Juneau Know What I Mean?
The capital of Alaska, Juneau, is one of the most inaccessible
cities in the world – although it has its own network of roads in and around
the city, they don’t connect to any other roads in Alaska or Canada. There is
no railroad at all. If you want to get to Juneau, it’s by boat or plane: trains
and automobiles are definitely out.
it’s hardly surprising that the city has a very busy harbor – nearly everything
is brought in by sea. And one of the most valuable commodities that arrives
that was is tourists – Juneau is one of the most popular cruise destinations in
the world. In some ways it still feels like the gold rush town it once was –
there is a pioneering feel to Juneau, and its people are tough and resourceful
types. They’re also very friendly towards cruise passengers, as you represent
one of the major income streams of their town.
There’s plenty to see and do in and around Juneau. The Alaska
State Museum, on Whittier Street, is well worth a look around. The Museum is
just a short ten minute walk from the cruise ship docks – if you need
directions to the Museum or any other place in the city, drop into the Marine
Park Visitors’ Information Center, which you will pass as you leave the docks.
Museum’s permanent exhibitions offer a fascinating insight into Alaska’s past.
Although much of the interior of the state is all but inaccessible during the
winter months, the thousands and thousands of square miles of wilderness and
seemingly endless, inhospitable coastlines have long been valued for their
natural resources. Alaska has only officially been a state since 1967, when
statehood was awarded to mark a century of US ownership of the territory. The
land had been the home of native American peoples for millennia, but in the
eighteenth century the Russian Empire moved into the exploit the trapping and
mining potential of the country. When the Tsar’s government decided that a
territory so far from Moscow was more trouble than it was worth the whole thing
was sold to the US at the bargain price of $7.2 million dollars. A couple of
hours in the Museum will teach you all about the history of the Russians in
Alaska, as well as something about the cultures of the hardy native people.
your idea of fun is a bracing walk in the fresh air rather than a stroll around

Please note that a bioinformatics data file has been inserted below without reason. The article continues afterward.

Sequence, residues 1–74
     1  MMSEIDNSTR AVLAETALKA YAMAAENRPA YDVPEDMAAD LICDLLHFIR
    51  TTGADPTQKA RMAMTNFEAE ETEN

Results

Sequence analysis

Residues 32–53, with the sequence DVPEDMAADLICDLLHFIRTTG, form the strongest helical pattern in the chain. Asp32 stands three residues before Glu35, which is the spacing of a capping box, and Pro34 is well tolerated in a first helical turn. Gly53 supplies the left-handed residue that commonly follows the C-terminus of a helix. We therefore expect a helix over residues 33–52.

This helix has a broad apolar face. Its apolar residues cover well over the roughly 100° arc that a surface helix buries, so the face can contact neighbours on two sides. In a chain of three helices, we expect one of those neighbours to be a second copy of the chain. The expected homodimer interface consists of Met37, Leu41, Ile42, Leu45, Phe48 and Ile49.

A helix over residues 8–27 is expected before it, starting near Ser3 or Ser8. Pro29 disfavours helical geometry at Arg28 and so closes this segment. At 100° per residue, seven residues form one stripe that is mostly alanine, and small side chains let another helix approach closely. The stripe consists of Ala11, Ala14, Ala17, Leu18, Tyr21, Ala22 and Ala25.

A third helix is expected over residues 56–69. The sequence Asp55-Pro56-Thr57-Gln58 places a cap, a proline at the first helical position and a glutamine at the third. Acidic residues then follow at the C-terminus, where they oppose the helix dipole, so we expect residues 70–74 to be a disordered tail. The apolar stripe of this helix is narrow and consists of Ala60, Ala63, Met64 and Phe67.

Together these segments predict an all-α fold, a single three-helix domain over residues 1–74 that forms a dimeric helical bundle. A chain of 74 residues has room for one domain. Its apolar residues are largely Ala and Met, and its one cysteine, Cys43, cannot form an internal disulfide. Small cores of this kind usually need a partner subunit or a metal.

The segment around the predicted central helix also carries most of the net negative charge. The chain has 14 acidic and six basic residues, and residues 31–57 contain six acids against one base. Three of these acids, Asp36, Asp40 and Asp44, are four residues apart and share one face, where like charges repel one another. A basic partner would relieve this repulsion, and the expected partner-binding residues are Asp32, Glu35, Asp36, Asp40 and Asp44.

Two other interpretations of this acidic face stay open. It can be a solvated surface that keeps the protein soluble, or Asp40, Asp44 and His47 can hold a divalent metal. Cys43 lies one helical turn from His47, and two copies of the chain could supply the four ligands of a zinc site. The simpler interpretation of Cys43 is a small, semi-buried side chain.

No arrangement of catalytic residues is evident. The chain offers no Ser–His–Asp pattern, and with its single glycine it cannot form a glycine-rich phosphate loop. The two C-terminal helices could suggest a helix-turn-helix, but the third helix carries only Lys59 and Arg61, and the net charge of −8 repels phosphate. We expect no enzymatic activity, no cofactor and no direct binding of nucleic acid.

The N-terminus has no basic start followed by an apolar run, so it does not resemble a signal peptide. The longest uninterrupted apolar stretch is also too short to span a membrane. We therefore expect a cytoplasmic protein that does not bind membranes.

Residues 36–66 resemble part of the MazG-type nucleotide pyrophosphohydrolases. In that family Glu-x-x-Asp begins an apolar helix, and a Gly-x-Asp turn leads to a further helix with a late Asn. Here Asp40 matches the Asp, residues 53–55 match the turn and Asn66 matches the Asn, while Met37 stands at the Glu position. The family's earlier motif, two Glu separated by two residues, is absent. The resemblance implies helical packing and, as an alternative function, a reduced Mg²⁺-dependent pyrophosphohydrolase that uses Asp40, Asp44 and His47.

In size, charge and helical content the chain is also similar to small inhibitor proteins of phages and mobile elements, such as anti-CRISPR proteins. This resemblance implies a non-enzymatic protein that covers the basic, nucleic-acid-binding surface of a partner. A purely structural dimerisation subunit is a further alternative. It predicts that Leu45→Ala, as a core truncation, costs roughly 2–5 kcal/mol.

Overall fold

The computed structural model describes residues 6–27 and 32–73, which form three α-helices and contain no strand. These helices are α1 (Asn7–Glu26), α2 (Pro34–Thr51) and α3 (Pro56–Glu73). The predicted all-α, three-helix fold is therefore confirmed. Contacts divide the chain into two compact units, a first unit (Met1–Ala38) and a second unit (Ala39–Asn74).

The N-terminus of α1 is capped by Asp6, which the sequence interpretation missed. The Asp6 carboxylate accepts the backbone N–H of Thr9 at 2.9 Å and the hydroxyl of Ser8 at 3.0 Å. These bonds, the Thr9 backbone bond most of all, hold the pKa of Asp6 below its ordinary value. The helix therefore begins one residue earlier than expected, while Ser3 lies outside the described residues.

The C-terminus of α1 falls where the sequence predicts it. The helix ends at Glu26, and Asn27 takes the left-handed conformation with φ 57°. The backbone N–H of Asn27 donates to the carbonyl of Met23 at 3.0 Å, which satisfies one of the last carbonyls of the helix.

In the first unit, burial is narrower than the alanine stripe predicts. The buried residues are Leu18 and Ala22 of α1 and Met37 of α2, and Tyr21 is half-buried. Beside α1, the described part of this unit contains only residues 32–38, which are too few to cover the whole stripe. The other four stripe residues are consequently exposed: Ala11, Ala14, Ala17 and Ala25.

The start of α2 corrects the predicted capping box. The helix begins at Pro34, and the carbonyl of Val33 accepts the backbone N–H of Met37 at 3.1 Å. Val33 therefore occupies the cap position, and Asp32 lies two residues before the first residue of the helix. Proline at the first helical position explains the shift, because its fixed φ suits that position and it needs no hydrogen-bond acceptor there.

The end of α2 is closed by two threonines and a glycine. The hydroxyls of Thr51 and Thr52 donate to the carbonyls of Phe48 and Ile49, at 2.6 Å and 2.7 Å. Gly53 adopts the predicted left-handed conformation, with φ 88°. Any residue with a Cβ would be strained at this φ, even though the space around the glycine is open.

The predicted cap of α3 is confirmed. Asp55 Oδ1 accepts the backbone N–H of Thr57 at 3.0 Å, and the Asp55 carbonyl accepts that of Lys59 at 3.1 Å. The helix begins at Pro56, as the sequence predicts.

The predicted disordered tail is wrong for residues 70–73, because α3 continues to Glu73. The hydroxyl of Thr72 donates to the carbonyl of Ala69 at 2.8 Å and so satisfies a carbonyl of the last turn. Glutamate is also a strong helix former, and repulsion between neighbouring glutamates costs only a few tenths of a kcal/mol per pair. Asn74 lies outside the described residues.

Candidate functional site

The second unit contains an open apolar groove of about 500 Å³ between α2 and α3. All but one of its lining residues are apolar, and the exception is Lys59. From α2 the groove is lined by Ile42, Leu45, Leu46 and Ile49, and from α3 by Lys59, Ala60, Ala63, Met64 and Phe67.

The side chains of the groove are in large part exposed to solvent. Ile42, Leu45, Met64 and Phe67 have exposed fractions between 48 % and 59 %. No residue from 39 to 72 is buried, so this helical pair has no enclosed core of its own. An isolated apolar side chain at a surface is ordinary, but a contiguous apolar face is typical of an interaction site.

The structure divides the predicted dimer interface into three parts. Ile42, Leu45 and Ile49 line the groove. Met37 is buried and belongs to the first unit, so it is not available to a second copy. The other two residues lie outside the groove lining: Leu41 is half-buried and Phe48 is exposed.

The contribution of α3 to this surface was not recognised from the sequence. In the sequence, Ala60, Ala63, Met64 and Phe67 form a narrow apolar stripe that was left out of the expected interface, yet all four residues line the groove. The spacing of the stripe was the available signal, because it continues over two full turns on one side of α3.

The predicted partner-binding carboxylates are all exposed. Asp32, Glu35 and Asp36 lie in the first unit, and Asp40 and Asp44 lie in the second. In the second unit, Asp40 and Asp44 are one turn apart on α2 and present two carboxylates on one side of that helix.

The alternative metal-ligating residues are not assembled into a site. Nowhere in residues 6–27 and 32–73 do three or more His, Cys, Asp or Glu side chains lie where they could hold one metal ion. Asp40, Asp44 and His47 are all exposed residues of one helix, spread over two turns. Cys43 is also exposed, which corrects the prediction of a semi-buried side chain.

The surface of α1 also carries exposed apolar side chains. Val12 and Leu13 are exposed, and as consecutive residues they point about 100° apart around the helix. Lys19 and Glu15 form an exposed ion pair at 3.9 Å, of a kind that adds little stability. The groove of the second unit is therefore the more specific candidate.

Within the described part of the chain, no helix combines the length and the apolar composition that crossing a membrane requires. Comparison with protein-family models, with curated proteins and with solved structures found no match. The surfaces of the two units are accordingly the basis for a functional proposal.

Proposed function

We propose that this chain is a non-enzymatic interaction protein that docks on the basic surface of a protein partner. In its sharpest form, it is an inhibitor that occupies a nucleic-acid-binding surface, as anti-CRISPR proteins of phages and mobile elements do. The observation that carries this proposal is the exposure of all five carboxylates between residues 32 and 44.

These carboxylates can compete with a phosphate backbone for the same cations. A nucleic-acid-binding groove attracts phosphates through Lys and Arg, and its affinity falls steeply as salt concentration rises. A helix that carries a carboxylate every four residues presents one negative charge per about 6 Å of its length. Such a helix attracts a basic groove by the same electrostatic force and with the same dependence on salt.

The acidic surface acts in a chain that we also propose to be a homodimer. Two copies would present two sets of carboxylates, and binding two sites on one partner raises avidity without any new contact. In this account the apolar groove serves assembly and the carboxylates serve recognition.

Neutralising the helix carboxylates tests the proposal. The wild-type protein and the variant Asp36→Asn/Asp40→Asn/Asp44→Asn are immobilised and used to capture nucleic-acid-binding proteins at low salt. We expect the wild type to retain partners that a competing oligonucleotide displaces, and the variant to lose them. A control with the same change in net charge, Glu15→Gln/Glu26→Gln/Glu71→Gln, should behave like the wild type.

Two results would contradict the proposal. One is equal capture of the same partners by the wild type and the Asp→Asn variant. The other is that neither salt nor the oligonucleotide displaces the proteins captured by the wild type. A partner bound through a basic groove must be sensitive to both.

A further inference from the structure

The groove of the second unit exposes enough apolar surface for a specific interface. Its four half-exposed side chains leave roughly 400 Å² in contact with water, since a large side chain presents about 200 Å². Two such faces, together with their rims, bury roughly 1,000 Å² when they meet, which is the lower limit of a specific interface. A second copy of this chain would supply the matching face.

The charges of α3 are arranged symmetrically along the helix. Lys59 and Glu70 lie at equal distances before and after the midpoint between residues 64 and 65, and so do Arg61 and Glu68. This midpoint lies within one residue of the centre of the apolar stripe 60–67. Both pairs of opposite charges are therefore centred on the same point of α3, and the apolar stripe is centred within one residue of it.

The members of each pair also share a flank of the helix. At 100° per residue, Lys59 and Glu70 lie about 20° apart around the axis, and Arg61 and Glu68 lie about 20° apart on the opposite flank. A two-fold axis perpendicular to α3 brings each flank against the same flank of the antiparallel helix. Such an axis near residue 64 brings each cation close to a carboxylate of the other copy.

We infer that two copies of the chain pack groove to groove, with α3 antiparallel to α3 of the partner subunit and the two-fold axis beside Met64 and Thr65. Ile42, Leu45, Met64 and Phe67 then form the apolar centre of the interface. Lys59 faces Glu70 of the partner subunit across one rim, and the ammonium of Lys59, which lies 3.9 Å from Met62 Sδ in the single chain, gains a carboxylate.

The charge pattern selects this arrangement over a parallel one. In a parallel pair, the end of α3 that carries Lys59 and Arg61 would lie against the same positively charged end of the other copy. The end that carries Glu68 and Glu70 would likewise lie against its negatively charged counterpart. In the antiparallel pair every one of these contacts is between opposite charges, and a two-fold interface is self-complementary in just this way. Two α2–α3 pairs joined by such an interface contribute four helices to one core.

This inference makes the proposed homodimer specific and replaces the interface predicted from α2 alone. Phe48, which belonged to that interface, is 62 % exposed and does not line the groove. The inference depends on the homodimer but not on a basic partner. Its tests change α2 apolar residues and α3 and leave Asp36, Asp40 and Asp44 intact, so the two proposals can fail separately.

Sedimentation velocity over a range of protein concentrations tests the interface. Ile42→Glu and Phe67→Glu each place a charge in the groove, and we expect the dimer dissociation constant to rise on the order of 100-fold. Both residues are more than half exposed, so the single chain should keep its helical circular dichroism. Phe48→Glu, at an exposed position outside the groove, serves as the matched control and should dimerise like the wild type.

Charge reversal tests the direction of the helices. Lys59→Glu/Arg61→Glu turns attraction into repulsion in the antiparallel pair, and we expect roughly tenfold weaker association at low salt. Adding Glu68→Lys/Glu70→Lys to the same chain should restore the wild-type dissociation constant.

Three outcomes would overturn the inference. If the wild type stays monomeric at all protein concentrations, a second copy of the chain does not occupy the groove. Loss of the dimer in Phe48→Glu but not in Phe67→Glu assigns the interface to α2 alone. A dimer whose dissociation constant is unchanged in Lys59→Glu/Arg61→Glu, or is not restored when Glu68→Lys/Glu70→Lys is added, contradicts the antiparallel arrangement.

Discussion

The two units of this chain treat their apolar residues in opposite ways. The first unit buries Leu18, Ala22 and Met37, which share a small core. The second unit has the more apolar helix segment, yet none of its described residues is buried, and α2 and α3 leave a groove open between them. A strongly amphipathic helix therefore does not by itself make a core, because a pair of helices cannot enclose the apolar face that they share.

a centrally-heated museum, you should head in the opposite direction when you
disembark from your ship and make for the Mount Roberts Tramway. The Tramway
will lift you high above Juneau city and into the beautiful alpine wilderness
of Mt. Roberts, from where you can enjoy what must be some of the best views in
the world open to casual cruisers and tourists. If you are of an active
disposition and you have a little longer than the usual one day cruise
stop-off, there are some great hiking trails up here. If, on the other hand,
you simply want to enjoy the great views to Admiralty Island, Glacier Bay and
the Chilkat Mountains this is a great place to do it.
If you want to learn more about the culture of the indigenous
peoples, the Mt. Roberts Tramway runs a small movie theater where you can watch
a short film about the way of life of the Tlingit, the regional Native American
people – the Tlingit are very much still part of Alaska, as much of the local
population is directly descended from the native tribes that dominated the area
before Europeans started to arrive in the eighteenth century.
If all the scenery and information has caused you to work up and
appetite, the Tramway company also runs an excellent high-level restaurant, the
Timberline Bar and Grill, which serves hearty, warming food and a selection of
fine wines and locally brewed beers. You can also browse the Mt. Roberts
Tramway gift shop for souvenirs to take home for friends and family.
Juneau is located on the Alaska panhandle, a long strip of land
that reaches below western Canada in the direction of the continental USA. As
such, it’s often the first – or last – stop-off point on many cruise tours of
the region, which tend to start and end at major ports like Vancouver and
Seattle. As your cruise ship slips its moorings and glides out, away from
Juneau, and into the calm, sheltered waters of the Gastineau Channel, you can
reflect that you visited somewhere that has all the wildness, and all of the
civilization, of Alaska in miniature.